Implications of Second Adjudicator’s Reliance upon a First Adjudicator’s Decision – not in breach of natural justice

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Arcadis –v-  May & Baker trading as Sanofi [2013] EWHC 87, TCC Akenhead J


Sanofi had a brownfield site in Dagenham and employed Arcadis to carry out site remediation by soil washing and chemical treatment under NEC3.  In a first adjudication Arcadis pursued entitlement to payment for work in the zone referred to as “the Northern Boundary”.  In a second Adjudication Arcadis pursued payment issues in respect of work at the “Southern Boundary” before a second adjudicator.

The second Adjudicator ruled in favour of Arcadis and ordered payment of £480,000 which Sanofi refused to pay. In Sanofi’s defence to the subsequent application it raised “a kitchen sink of arguments.


  1. Sanofi maintained that the second Adjudicator was not entitled to rely upon elements of the first Adjudicator’s Decision and thereby had failed to hear the case fully, in breach of natural justice.  The Judge ruled that this was incorrect.  Sanofi was ordered to pay up.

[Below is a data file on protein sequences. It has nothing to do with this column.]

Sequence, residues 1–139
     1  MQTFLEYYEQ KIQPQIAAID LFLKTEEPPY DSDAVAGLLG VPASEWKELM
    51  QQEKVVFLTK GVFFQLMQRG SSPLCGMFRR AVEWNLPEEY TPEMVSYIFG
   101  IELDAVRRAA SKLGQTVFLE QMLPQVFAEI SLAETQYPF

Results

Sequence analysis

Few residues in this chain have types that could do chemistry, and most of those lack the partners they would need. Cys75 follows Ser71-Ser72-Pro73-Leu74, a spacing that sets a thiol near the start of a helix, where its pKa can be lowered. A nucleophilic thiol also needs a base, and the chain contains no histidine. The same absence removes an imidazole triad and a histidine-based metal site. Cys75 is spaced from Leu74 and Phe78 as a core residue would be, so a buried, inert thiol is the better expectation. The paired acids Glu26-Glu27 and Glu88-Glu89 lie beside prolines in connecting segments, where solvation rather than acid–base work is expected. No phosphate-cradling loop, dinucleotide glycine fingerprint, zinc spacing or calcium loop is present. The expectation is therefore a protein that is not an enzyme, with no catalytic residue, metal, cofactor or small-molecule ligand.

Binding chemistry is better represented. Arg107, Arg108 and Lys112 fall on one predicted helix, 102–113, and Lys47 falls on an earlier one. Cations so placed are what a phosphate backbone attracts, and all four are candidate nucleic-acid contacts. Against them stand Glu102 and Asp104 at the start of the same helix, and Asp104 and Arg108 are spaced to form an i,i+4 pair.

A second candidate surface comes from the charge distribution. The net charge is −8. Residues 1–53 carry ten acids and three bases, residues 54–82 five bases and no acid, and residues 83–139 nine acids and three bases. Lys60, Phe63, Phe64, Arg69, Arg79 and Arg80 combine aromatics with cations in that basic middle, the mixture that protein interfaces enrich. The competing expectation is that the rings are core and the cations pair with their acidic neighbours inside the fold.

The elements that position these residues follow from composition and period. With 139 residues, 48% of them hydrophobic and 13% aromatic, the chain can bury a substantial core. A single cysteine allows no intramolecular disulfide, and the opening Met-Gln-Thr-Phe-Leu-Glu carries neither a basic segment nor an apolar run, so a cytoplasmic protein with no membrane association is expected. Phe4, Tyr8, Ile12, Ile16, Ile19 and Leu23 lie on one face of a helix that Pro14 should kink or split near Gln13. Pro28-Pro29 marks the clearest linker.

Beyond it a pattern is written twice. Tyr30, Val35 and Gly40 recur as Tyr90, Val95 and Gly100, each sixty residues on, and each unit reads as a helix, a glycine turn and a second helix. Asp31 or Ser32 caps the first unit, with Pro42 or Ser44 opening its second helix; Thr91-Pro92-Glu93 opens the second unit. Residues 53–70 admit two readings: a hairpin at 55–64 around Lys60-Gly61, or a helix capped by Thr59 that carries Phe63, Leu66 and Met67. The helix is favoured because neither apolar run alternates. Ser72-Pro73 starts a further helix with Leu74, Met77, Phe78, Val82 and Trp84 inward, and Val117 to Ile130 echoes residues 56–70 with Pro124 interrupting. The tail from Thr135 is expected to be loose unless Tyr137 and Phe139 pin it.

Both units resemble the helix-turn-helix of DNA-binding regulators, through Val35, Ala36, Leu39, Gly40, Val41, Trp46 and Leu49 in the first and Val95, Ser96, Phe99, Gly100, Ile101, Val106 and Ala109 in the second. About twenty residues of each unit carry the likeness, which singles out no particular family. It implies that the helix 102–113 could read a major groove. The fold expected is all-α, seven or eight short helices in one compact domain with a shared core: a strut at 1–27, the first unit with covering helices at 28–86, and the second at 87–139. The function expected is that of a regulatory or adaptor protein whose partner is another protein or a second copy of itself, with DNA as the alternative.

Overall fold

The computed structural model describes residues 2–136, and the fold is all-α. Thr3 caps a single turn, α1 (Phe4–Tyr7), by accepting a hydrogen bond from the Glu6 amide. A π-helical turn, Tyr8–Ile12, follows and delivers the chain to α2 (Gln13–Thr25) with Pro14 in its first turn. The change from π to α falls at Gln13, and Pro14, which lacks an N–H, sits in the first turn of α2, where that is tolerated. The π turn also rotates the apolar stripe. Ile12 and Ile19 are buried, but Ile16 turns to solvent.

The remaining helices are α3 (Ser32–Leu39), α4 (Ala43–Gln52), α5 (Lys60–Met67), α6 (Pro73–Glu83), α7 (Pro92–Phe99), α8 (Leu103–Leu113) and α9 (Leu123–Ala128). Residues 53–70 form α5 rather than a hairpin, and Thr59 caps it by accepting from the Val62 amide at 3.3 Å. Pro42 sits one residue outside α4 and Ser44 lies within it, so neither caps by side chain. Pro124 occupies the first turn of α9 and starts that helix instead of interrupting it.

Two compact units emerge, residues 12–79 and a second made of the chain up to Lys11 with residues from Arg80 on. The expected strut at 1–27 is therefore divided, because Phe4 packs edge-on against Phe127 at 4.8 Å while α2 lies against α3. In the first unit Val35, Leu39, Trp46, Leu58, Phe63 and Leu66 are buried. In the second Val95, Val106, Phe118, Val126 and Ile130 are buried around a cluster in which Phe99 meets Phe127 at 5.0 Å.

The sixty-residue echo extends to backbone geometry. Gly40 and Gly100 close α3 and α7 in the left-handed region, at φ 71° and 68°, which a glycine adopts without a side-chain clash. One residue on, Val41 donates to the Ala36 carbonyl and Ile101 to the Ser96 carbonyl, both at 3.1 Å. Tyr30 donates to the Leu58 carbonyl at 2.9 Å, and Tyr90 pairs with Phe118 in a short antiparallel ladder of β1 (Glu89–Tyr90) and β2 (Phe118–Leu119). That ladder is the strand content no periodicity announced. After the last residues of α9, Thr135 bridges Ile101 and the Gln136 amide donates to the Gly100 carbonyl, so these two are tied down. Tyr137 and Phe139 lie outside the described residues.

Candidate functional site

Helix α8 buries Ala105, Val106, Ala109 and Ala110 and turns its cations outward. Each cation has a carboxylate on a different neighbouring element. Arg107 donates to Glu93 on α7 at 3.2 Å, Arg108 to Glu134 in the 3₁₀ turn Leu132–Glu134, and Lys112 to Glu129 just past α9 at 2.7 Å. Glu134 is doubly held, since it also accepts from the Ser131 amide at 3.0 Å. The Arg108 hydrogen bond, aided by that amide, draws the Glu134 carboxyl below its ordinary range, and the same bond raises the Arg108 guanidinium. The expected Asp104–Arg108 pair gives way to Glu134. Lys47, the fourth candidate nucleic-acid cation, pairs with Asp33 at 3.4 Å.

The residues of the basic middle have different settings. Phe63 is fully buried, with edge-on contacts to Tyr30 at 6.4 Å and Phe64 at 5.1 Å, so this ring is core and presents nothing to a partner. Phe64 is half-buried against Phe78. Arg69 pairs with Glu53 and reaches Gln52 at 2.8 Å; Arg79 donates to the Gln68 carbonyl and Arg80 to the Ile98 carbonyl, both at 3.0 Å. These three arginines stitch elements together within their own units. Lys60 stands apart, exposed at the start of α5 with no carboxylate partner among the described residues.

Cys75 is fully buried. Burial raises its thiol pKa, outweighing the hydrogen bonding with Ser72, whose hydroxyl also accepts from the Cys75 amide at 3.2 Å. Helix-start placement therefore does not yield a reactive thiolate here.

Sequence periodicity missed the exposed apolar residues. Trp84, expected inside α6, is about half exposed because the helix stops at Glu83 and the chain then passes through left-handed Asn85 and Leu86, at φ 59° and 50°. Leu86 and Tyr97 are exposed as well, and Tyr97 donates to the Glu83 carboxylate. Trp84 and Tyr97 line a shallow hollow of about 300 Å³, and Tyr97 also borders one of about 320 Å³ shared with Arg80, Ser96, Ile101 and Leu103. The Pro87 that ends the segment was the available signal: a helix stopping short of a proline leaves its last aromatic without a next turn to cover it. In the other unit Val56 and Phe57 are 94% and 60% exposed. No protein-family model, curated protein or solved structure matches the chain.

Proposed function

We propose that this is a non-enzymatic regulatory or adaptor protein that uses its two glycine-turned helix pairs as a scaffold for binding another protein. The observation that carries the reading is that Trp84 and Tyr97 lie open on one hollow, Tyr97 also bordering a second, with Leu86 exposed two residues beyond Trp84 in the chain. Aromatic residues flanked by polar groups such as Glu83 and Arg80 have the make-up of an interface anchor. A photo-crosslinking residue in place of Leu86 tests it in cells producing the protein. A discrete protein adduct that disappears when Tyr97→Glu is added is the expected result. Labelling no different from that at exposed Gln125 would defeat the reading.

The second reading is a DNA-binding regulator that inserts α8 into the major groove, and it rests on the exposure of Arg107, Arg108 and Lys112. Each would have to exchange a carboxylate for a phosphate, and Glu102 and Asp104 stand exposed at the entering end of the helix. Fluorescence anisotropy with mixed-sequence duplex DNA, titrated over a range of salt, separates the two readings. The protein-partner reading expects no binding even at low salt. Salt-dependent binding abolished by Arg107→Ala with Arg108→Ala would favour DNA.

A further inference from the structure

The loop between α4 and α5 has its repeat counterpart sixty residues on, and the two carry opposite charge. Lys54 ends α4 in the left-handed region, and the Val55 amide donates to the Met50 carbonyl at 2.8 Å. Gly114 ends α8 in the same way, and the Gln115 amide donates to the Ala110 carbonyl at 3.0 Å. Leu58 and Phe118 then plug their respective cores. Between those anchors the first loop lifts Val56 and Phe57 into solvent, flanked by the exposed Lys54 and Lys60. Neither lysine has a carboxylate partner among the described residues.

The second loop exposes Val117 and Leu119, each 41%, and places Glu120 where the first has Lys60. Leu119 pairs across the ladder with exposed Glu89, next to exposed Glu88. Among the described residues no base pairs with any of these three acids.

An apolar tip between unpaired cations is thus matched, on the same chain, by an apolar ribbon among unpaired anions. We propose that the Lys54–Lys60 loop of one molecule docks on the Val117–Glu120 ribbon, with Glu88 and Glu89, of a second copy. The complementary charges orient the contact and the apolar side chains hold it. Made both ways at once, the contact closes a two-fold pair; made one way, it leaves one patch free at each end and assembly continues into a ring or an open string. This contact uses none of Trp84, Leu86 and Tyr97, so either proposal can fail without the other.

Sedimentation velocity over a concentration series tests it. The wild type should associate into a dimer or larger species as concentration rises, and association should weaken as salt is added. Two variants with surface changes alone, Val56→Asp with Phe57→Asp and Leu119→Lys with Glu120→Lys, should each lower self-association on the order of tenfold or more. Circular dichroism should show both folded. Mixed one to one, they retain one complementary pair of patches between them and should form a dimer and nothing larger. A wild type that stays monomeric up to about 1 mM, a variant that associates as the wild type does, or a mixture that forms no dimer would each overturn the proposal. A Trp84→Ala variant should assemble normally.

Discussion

a)             It was perfectly permissible of Arcadis to inform the second Adjudicator of the first Adjudicator’s Decision.  The first Adjudicator had to make his own mind up in respect of any peripheral issues in respect of any reasoning or arguments expressed by the first Adjudicator.

b)            Nevertheless he was free to adopt and agree with and adopt the reasoning of the first Adjudicator.

c)             Although adjudicators should not restrict their jurisdiction or act unfairly, the court will be VERY slow to find that this has happened.  The Judge stressed yet again the guidance of the Court of Appeal in Carillion –v- Devonport Royal Dockyard [2006] that “the need to have the right answer has been subordinated to the need to have an answer quickly“.

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